Cognitive radio offers new possibilities to further enhance the performance of a modern tactical communication system by introducing methods and mechanisms to avoid interference and interception, improve system-wide spectral efficiency and allow more flexible resource utilization. In addition to terrestrial wireless links, satellites, UAVs and wired connections are combined in a hybrid system (Figure 2).


Figure 2: A Cognitive Tactical Communications Network

In addition to industry driven projects targeting common applications, research activities have been carried out to study the applicability of cognitive radio to military communications. As an example, Defense Advanced Research Projects Agency (DARPA) has launched several programs related to cognitive radio in the United States. DARPA’s neXt Generation Program (XG) aims to develop theoretical solutions for dynamic control of the spectrum, technologies and subsystems that enable reallocation of the spectrum and prototypes to demonstrate applicability to legacy and future military radio systems. Interested reader may look at some tactical network design aspects across the protocol stack from [6].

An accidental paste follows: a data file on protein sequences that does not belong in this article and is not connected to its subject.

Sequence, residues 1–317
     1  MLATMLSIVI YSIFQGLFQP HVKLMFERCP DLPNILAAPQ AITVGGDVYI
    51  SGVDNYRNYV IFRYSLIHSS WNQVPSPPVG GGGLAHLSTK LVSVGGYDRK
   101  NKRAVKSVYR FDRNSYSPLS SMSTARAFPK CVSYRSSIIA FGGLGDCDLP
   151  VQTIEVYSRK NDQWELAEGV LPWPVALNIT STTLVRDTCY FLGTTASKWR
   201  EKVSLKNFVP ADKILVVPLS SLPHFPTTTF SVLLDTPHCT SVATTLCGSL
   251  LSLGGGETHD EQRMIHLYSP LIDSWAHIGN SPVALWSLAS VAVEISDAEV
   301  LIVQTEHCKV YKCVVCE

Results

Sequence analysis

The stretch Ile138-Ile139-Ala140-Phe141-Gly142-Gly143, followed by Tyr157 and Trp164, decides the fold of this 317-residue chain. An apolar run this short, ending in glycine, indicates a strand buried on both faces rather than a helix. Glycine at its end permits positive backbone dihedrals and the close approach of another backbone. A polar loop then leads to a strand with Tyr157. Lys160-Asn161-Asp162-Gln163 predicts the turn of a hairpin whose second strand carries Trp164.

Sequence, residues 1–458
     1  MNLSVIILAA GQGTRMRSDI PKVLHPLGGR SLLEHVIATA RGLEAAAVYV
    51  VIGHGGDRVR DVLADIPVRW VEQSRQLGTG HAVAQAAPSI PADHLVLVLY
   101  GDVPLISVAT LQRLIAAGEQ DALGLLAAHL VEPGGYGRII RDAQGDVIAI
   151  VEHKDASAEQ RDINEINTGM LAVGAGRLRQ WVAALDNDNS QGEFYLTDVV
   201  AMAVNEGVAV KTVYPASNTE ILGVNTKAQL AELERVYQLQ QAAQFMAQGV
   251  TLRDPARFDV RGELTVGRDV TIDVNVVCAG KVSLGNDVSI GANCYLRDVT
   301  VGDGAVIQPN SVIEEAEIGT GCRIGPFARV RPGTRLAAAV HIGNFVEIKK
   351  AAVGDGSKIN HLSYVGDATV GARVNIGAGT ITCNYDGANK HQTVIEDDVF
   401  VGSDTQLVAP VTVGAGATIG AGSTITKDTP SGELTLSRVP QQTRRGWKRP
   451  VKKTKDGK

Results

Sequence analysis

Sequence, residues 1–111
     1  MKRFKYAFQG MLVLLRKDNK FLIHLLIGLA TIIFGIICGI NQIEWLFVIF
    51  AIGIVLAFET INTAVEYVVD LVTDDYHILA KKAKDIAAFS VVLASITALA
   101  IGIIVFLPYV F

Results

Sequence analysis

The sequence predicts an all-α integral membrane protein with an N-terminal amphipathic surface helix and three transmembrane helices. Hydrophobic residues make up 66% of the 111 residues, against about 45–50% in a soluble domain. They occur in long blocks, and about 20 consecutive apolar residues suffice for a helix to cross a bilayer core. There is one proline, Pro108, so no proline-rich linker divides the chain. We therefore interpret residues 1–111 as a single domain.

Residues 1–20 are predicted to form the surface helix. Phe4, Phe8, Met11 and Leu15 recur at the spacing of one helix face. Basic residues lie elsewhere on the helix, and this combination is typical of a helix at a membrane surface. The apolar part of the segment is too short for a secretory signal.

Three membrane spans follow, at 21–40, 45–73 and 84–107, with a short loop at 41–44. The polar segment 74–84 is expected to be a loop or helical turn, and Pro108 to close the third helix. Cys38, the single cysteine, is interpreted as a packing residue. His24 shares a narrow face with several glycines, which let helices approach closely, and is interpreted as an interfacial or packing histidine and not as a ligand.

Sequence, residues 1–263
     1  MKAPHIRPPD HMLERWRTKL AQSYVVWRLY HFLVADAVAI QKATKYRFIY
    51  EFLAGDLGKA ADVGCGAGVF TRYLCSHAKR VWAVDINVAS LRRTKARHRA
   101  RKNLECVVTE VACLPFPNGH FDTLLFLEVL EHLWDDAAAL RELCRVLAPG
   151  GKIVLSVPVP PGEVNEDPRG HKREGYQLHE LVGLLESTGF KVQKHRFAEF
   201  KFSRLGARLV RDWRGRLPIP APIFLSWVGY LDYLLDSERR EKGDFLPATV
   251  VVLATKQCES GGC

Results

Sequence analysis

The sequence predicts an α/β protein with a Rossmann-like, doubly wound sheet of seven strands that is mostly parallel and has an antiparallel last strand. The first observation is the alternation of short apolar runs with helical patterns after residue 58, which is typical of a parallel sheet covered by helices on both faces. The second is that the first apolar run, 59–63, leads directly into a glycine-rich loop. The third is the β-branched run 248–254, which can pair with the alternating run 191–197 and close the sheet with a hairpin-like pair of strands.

In Europe, EU-funded projects such as ARAGORN and SENDORA, activities funded by the European Space Agency (ESA) such as the ACROSS [5], and national projects and programs such as TRIAL have developed cognitive radio solutions. In addition, the European Defence Agency (EDA) has launched its own projects to support the development of CR and its applicability to military communications. An example of such an activity is SCORED (Military Software-Defined Radio capabilities including applying Cognitive Radio-based Spectrum Management in the Security and Defence domains).

Elektrobit has participated in numerous of these projects and is currently developing technology and solutions that allow deployment of cognitive radio functionality in practical applications. Following years of active work on MIMO and multicarrier technologies that provided a significant increase in the throughput of wireless links, cognitive radio is today one of the key technologies supporting the rapidly increasing requirements for system capacity. While spectrum resources are limited and bands have become more and more crowded, there is a need for methods that allow more efficient utilization of radio resources.